taken to the base hospital to be X-rayed for broken bones. Unfortunately, the X-ray machine was not working; Jimmy had clipped
the powerline to the hospital on his way in for his ill-fated landing. The instrumentation fortunately survived the crash
and provided the evidence that was sought. The flight data confirmed to an acceptable degree the results of the wind-tunnel
Although Ames engineers, as just noted, developed
procedures for predicting the handling qualities of airplanes from wind-tunnel model tests, the prediction of performance
factors, such as drag and speed, from such tests was quite a different problem. The test models were usually idealized with
smoother, truer surfaces than the originals and lacked the gaps, excrescences, and rivet heads that were found in the actual
airplanes. Moreover, there were other influences peculiar to the wind tunnel that were often difficult to evaluate. Such influences
included the interference of the struts on which the models were mounted, the turbulence in the airstream, and the subtle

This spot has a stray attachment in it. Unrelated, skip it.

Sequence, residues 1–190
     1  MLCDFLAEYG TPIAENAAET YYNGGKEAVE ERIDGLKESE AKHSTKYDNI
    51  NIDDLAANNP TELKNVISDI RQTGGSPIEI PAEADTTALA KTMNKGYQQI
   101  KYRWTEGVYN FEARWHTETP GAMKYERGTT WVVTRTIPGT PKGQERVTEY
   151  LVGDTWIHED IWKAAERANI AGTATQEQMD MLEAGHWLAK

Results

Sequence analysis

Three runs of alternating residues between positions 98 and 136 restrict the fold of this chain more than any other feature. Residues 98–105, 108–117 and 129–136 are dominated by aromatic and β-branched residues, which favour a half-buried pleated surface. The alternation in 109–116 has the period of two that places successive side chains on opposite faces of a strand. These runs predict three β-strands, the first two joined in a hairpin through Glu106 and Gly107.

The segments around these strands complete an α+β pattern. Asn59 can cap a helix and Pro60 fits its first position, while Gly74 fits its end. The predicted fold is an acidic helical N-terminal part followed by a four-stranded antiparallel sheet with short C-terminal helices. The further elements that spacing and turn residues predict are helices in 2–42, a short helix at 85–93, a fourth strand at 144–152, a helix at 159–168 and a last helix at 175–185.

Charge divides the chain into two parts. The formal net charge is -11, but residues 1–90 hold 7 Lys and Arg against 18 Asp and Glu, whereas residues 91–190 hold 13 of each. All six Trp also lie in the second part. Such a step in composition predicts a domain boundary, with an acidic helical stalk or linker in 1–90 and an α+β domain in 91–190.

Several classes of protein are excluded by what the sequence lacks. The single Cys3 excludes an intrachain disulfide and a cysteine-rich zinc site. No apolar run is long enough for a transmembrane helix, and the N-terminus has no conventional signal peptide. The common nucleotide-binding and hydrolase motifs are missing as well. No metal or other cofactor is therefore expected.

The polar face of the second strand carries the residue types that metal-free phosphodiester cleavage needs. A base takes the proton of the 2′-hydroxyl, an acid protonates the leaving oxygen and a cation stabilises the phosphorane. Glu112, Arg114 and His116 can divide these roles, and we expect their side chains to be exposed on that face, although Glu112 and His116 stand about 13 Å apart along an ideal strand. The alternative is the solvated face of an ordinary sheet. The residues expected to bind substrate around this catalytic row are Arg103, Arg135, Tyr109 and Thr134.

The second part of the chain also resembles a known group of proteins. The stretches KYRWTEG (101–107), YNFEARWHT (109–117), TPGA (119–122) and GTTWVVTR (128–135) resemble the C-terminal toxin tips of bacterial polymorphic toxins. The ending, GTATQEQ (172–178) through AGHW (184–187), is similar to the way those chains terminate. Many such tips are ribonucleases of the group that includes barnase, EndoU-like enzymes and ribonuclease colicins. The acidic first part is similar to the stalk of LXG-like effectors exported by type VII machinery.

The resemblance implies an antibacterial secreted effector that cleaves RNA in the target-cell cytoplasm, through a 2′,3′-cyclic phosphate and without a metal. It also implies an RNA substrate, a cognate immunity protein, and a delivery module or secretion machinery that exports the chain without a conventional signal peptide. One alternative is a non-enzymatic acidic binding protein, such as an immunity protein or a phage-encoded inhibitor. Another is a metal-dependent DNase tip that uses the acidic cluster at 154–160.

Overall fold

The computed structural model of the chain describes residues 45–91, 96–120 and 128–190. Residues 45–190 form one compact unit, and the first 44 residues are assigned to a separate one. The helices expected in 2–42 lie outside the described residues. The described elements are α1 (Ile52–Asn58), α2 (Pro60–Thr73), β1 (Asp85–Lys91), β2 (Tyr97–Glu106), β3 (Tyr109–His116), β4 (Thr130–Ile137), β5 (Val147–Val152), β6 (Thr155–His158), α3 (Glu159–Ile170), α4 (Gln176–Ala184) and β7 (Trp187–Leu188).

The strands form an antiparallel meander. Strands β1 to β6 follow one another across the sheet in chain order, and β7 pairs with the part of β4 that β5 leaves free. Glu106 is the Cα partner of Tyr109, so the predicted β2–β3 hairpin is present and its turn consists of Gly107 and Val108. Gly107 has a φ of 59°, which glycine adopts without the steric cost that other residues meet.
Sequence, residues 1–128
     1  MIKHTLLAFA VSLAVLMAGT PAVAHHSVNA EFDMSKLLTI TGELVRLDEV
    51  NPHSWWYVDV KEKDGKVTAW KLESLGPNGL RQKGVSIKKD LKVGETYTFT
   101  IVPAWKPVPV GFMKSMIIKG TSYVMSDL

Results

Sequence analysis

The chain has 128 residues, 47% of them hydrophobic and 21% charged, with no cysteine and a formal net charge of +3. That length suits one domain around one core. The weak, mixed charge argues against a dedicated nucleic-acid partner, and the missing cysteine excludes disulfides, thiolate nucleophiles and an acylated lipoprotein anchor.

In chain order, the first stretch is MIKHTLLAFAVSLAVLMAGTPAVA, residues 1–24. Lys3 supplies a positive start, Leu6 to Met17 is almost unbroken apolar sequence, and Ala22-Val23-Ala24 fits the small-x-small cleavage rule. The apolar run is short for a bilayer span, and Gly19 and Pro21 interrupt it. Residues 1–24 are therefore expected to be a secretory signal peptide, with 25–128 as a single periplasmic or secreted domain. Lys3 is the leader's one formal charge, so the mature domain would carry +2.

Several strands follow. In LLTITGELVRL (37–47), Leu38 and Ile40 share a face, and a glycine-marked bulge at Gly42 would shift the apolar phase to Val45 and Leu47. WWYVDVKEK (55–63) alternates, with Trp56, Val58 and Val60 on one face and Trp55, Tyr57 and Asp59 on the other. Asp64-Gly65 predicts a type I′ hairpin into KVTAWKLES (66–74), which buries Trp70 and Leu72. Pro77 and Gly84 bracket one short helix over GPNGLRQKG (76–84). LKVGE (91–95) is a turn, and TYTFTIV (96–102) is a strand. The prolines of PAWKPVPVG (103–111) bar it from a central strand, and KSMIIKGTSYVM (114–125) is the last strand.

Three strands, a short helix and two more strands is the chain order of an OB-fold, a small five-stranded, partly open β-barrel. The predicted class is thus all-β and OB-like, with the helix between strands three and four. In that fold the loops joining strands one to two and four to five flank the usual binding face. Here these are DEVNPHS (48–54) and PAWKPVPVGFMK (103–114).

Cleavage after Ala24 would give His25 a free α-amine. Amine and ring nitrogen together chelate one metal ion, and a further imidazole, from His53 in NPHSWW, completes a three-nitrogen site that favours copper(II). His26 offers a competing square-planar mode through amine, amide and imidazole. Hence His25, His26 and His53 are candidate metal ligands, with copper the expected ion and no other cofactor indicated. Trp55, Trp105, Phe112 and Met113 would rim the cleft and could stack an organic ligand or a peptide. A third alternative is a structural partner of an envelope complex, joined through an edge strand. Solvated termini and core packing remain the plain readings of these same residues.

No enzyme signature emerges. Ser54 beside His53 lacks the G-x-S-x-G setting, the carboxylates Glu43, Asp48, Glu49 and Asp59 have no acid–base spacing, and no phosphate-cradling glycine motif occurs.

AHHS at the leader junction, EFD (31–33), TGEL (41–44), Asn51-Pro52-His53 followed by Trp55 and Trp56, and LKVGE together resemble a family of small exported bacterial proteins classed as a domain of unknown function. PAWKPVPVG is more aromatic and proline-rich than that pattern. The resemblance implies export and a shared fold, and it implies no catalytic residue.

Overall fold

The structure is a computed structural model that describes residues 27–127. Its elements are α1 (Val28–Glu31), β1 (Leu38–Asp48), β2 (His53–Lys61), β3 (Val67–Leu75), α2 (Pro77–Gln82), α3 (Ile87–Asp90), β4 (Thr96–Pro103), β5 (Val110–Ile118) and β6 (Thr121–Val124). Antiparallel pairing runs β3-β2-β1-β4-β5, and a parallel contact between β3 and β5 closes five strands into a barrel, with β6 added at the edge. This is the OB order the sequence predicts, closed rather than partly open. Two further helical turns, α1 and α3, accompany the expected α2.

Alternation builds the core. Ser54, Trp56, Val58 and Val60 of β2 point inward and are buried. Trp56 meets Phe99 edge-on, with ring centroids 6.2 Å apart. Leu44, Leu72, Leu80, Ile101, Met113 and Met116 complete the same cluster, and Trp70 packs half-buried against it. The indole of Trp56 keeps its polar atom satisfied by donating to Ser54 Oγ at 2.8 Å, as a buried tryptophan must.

effects of the surrounding walls. The rather indeterminate effects of these many factors placed in some question the accuracy
with which the drag, and thus the speed, of an airplane could be determined from wind tunnel model tests.
information on the subject just mentioned, Ames engineers undertook to make a comparison of the drag of airplanes as determined
first by model tests in a wind tunnel and then by measurements made on the airplanes in actual flight. The comparison was
made for only two airplanes, the P-51 and the P-80, but the results were expected to have general significance. The first
airplane selected for the test was North American's new P-51 "Mustang" fighter, an airplane on which Ed Schmued, Ed Horkey,
and  others of the NAA design group had lavished much attention. The P-51 was a good selection for the test. It was the
first of a new class of extra clean fighter airplanes and the first to use the new laminar-flow wing sections developed by
NACA. There was still a question of just how much laminar flow one could expect to get in an actual application of these sections